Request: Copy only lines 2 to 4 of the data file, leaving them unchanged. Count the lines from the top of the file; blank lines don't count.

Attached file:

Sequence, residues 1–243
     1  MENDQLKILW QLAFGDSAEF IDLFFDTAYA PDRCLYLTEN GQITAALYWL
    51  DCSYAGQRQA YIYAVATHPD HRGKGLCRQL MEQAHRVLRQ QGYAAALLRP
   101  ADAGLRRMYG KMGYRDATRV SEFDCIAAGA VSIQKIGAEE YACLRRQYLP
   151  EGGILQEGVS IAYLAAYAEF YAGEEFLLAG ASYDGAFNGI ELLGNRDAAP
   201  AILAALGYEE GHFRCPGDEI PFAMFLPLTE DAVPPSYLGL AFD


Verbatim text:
     1  MENDQLKILW QLAFGDSAEF IDLFFDTAYA PDRCLYLTEN GQITAALYWL
    51  DCSYAGQRQA YIYAVATHPD HRGKGLCRQL MEQAHRVLRQ QGYAAALLRP
   101  ADAGLRRMYG KMGYRDATRV SEFDCIAAGA VSIQKIGAEE YACLRRQYLP